and controversial pamphlets remain.
If all had been printed, they would have made 280 volumes, giving 20 sermons for a volume.
So true is the old proverb: Omnia vincit improbus labor.
The last sermon of Mr. Turell was preached April 17, 1774, the text selected seeming to be prophetic of the end of his career, If a man die, shall he live again?
All the days of my appointed time will I wait, till my change come.
Here ended his labors, and soon after his life.
His successor was Rev. Dr. David Osgood, who acquired a wide celebrity for two political sermons.
Mr. Turell seldom exchanged pulpits, and never, so far as the record shows, repeated a sermon.
He never preached extempore, but always wrote his sermon fully out. He was a native of Boston, and graduate of Harvard University, remarkable for the elegance of his person and his gentlemanly manners.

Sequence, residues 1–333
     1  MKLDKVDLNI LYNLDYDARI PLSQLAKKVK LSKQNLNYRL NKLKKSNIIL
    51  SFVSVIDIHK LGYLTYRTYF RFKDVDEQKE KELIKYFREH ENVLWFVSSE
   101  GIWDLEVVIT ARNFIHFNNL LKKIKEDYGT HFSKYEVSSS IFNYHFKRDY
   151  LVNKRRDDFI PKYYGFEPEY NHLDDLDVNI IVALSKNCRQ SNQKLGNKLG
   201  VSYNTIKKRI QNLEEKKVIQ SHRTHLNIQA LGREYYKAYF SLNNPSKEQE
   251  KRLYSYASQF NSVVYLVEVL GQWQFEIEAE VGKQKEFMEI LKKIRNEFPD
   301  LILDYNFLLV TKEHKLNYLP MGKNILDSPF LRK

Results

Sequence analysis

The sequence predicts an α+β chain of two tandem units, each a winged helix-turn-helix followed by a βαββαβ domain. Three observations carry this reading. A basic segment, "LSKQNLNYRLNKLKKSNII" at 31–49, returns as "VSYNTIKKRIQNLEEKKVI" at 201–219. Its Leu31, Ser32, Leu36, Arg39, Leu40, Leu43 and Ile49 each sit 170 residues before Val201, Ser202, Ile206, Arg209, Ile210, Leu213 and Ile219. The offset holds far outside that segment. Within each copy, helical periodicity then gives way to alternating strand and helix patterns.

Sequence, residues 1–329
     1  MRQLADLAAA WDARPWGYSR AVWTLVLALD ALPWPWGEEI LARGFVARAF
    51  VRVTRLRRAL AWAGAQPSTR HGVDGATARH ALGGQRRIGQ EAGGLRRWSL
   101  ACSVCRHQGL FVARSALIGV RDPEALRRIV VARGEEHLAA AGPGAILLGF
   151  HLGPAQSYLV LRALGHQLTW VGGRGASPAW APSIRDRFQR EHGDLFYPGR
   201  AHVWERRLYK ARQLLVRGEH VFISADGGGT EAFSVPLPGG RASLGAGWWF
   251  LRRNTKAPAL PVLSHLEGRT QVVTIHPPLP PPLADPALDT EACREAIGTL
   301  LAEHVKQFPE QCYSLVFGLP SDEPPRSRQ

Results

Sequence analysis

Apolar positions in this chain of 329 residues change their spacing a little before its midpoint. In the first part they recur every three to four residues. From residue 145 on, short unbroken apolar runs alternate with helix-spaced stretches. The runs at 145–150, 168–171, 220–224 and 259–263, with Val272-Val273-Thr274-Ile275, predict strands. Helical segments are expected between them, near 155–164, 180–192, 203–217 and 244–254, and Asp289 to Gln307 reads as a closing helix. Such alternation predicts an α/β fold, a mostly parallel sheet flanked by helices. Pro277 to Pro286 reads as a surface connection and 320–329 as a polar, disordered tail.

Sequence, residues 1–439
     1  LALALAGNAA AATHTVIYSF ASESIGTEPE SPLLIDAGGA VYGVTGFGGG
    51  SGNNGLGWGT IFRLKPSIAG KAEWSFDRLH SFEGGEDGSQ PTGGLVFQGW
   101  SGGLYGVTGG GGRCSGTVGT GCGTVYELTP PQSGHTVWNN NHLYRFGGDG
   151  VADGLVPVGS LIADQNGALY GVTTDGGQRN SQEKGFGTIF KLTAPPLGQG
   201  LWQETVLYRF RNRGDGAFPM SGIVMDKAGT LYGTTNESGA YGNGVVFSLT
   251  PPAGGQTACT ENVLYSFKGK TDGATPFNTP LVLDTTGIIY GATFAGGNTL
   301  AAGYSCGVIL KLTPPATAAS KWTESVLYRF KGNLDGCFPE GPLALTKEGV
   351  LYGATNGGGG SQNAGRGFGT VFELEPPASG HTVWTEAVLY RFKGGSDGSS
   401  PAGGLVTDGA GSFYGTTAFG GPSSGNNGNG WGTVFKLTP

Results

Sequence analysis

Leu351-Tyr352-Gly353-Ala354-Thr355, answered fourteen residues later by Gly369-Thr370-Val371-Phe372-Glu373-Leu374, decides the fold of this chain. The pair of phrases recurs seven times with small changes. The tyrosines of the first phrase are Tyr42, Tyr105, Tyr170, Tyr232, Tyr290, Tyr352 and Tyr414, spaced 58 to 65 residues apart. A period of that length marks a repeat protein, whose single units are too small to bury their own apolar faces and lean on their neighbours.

At the same time he was an accomplished scholar, while his health was always delicate.
And yet he wrote and preached 5,582 long
ston, and a recent review of it says he gave them a hot one.
At all events the Medford parsonage had to be well supplied with fuel, and so, in 1808, the Rev. David Osgood, D. D., purchased of Mr. Hall these forty-three acres, now after a century being developed, for his wood lot.
But the good doctor, after serving his church atmen recommended that the town sell its unproductive property.
Two years later they were authorized to sell the Osgood lot, so called.
Their report shows that Miss Osgood gave it with the understanding that when sold, the income from the proceeds should go to the library.
After being advertised for three weeks, only one bid was the lonely Valley street, and the car houses and power station of the electric railway, at the boundary, are busy hives of industry.
Overlooking it all is Parson Osgood's wood lot, to which nature in its recuperative power has been generous, as the ample growth of largely oak and hickory witnesses; and among which, ere long, wil